Rebuilding public trust in the Internet following recent revelations by Edward Snowden is crucial, forcing the international community to agree on a collective code of ethics and governance principles for an open, yet secure, cyberspace.
Speakers at the Internet Governance Forum (IGF) in Nusa Dua have revealed unlawful surveillance issues from various perspectives.
Thomas Gass, the United Nations assistant secretary-general and co-chair of the conference, spoke with The Jakarta Post saying that everyone should work together to ensure that the basic rights of privacy and freedom of expression were protected in cyberspace so as not to negatively affect fundamental freedoms.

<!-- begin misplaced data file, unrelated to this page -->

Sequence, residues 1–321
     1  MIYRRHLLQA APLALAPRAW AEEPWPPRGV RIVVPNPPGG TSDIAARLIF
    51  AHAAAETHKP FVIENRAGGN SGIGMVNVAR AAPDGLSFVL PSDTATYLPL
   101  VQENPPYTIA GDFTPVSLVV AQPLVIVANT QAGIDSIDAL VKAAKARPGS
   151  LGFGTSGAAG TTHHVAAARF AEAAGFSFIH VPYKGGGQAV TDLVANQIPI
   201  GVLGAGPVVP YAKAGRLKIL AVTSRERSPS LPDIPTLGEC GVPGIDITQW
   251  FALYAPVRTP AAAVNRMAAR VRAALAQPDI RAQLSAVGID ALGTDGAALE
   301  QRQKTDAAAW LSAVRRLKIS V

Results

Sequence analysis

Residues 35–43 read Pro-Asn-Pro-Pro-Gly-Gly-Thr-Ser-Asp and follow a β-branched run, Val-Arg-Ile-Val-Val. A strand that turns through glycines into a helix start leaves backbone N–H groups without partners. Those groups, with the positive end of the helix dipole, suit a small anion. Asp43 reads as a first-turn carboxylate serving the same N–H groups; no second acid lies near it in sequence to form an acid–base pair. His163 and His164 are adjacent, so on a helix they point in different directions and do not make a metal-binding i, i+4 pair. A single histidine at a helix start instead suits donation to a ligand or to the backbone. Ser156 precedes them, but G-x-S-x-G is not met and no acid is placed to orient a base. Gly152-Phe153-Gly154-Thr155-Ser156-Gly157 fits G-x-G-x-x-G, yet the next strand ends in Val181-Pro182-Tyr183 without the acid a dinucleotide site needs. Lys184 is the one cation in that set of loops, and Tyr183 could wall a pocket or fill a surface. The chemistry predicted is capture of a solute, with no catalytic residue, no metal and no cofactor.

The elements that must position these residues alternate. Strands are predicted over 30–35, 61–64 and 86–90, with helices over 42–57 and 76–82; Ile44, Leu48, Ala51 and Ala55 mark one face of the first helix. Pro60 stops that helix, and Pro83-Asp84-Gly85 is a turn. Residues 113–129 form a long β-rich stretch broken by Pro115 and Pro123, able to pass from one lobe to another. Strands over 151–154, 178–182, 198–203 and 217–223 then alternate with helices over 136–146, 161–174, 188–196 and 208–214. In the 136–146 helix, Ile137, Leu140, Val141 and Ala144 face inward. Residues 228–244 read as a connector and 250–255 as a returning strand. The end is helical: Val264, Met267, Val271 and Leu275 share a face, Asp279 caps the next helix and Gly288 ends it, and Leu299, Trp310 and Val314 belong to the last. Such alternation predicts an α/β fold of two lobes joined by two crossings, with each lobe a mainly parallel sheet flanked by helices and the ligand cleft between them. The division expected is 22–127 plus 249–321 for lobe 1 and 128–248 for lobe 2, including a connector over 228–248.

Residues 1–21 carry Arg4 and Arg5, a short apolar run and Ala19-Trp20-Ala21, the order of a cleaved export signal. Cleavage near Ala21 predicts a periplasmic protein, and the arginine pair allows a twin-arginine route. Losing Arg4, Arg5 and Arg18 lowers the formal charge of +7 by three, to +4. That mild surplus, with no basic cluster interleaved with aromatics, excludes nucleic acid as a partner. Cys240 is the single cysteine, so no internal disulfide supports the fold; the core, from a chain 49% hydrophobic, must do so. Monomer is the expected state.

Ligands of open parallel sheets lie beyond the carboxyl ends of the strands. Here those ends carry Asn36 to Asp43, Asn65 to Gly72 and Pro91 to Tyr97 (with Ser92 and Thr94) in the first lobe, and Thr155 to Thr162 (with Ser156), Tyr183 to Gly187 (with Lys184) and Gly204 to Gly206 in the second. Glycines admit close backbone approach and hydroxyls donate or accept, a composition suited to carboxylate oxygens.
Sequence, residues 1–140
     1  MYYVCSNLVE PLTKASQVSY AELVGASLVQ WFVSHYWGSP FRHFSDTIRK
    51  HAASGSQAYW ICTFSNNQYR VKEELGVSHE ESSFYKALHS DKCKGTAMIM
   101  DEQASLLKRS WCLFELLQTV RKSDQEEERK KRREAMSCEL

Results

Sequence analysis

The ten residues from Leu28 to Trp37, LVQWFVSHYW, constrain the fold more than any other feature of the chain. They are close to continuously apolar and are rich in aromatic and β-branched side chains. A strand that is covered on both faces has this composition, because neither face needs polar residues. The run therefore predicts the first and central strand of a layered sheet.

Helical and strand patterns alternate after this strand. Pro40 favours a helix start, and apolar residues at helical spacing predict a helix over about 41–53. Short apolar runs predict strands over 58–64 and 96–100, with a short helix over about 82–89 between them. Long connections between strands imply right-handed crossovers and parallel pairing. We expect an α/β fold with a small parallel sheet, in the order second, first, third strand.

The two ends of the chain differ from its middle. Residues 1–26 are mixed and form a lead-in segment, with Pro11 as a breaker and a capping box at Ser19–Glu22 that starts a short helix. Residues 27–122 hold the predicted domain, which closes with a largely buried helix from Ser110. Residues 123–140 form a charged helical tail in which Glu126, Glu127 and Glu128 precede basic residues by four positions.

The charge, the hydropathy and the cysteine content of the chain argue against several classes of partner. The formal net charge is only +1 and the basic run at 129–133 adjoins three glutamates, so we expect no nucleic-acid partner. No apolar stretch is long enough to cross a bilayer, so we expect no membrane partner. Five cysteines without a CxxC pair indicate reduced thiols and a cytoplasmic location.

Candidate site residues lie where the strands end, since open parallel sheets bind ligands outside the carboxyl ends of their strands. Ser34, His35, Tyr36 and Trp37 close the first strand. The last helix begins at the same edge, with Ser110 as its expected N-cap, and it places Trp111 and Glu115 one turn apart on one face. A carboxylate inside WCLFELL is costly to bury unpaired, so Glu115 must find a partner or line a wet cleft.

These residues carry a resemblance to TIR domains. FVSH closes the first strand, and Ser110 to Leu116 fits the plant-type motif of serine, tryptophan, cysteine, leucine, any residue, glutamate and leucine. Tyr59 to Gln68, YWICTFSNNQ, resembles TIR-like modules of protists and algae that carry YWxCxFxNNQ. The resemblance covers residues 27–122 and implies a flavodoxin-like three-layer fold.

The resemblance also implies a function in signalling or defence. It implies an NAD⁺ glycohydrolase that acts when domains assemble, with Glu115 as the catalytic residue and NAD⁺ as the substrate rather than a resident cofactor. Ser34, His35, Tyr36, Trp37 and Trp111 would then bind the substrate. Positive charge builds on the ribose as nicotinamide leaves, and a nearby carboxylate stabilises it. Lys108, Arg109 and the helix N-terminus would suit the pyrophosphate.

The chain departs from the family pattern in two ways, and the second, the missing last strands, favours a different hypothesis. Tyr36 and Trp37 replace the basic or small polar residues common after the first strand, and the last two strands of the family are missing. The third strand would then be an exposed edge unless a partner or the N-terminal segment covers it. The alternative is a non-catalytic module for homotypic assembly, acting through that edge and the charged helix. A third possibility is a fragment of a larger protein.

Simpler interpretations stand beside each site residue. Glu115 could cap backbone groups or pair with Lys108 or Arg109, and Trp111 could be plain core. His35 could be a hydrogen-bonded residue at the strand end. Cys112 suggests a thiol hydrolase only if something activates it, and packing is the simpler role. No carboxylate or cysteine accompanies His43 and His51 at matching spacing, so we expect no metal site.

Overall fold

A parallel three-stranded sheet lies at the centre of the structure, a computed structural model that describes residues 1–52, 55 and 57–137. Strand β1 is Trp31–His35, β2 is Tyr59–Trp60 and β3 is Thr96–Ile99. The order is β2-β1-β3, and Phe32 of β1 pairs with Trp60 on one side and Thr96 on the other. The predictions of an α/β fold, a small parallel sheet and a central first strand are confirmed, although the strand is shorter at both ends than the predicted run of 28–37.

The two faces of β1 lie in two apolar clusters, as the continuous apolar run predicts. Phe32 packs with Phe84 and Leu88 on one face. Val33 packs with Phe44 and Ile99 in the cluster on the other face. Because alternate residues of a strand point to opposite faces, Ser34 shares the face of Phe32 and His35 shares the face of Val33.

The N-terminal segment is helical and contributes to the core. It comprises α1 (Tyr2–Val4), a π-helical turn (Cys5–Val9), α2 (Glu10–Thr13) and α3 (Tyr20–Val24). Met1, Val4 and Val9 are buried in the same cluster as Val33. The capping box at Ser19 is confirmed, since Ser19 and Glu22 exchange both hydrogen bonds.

"The Internet has been misused for a variety of purposes and there is a danger that some world governments have been so defensive in covering Internet abuses, including the recent surveillance cases," Gass said.
He said the governments had to be open-minded. The Internet had provided new ideas, new ways of doing things.
"It is not an era when using the Internet is dangerous and threatening; that would be a pity for the international Internet community," he said.
Paulo Bernardo Silva, Brazil's minister of communication, said that his government did not claim to have the answers to protecting citizens and businesses from unlawful surveillance, and that such regulations would require further discussions with civil society and the private sector.